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Archives: March 2010

I Want To Buy Your Twitter Username, But It Breaches Their TOS. What Happened To Capitalism?

(Inspired by a musing from Robert Scoble – more on this later.)

Increasingly, your choice of username on Twitter is becoming a really big deal. Twitter profiles rank really well on most search engines, often at the very top of the results, and as more and more people join the network the right name – both in a sense of accuracy (certainly for brands) and, for convenience and retweet value, length – is becoming important.

I Want To Buy Your Twitter Username, But It Breaches Their TOS. What Happened To Capitalism?Having an accurate username that reflects or exactly matches your business or brand name is of course ideal. Twitter has policy in place that allows them to “reclaim usernames on behalf of business or individuals that hold legal claim or trademark to those names”, which is fine and how it should be (even if it isn’t always actioned).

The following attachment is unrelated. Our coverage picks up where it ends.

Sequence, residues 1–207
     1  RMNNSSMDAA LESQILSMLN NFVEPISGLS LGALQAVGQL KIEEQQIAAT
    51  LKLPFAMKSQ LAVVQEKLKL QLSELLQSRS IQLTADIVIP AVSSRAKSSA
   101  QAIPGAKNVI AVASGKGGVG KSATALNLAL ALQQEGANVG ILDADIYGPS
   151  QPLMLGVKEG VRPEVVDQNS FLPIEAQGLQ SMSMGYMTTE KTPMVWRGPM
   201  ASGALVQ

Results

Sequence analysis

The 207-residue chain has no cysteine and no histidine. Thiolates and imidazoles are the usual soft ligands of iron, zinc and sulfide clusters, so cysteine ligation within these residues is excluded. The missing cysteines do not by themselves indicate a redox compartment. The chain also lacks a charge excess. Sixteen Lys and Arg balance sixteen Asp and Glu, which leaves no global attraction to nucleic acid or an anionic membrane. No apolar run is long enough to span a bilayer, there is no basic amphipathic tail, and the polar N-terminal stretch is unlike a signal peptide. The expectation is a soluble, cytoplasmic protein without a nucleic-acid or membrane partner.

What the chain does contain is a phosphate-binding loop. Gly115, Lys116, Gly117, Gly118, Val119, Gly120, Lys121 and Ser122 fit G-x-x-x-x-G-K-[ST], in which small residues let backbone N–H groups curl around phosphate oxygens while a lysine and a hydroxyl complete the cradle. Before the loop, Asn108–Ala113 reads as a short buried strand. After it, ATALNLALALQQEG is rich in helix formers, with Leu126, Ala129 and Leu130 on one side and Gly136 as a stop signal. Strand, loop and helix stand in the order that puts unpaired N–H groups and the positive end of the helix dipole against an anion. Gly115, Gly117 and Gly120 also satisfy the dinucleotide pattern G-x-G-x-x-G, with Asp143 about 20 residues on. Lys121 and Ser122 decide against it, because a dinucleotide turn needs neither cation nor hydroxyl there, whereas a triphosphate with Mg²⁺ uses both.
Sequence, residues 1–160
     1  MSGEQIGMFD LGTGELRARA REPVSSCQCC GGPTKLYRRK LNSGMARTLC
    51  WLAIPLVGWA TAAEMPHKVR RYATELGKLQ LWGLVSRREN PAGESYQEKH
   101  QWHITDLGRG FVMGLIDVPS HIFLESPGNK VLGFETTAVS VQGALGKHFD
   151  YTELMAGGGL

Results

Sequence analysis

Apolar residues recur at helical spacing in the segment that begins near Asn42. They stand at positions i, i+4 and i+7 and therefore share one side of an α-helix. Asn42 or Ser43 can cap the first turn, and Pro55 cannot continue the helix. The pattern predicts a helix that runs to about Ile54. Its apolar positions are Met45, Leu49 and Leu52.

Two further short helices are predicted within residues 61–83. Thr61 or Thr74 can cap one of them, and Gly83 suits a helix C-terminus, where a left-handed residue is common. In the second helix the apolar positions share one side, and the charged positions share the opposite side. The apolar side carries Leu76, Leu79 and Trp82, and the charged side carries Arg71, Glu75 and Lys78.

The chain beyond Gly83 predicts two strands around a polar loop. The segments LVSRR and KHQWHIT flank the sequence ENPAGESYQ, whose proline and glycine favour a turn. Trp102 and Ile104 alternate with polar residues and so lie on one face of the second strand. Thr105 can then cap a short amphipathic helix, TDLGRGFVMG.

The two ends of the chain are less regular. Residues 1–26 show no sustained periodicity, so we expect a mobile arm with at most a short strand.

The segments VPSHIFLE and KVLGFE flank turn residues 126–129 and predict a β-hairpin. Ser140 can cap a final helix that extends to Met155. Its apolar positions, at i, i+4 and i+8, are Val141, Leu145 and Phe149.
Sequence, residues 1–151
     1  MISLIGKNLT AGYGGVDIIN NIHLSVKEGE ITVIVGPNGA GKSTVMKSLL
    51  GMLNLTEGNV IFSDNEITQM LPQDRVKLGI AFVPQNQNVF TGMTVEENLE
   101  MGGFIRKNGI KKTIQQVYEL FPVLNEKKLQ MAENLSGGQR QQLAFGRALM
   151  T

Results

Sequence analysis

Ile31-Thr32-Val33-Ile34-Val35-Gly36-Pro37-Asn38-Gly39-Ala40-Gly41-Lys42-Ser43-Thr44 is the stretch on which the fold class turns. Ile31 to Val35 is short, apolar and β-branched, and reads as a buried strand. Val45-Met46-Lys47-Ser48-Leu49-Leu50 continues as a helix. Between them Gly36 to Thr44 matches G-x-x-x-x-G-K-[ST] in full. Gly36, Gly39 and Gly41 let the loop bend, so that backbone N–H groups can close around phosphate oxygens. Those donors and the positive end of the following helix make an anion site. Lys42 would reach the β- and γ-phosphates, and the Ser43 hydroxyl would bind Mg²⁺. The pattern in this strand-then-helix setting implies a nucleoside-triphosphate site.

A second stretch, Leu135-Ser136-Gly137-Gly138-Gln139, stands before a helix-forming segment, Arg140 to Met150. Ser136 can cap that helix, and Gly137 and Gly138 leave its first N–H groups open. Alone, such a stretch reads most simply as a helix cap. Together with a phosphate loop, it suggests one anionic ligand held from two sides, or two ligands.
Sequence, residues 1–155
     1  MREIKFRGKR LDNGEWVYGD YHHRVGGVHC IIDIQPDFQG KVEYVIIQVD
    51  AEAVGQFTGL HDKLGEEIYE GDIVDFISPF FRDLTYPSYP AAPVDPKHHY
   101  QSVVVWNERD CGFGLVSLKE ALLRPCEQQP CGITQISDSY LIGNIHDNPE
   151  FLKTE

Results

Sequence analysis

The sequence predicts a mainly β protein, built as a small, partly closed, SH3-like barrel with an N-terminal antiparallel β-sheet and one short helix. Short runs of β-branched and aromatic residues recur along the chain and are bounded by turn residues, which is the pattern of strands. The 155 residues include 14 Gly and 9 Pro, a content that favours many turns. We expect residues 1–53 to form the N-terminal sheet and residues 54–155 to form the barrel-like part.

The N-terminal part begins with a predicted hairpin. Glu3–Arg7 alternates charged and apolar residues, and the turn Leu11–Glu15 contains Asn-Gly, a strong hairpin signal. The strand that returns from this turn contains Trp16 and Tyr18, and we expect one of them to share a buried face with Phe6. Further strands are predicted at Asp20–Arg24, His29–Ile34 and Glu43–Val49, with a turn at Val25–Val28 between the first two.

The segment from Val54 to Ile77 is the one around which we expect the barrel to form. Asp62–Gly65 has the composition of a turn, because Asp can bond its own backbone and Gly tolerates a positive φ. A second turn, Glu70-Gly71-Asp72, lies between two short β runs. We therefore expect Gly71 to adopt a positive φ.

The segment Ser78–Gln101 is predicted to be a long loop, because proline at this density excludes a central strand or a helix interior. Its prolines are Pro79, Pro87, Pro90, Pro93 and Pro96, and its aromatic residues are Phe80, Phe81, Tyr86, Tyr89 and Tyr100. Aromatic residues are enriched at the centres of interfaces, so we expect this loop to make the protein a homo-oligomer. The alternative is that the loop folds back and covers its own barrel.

But what about the little guys? What if somebody has the Twitter username that we want. Shouldn’t we be able to buy it from them?

Here’s the thing – buying and selling Twitter profile names is a serious breach of their TOS. A few websites have tried to get around this, but it’s essentially illegal.

Earlier today, Robert Scoble expressed an interest in the essentially dormant @s username, later boosting his bid with a $5,000 offer to charity.

I Want To Buy Your Twitter Username, But It Breaches Their TOS. What Happened To Capitalism?

This offer was then doubled by @shervin, raising the valuation to $10,000.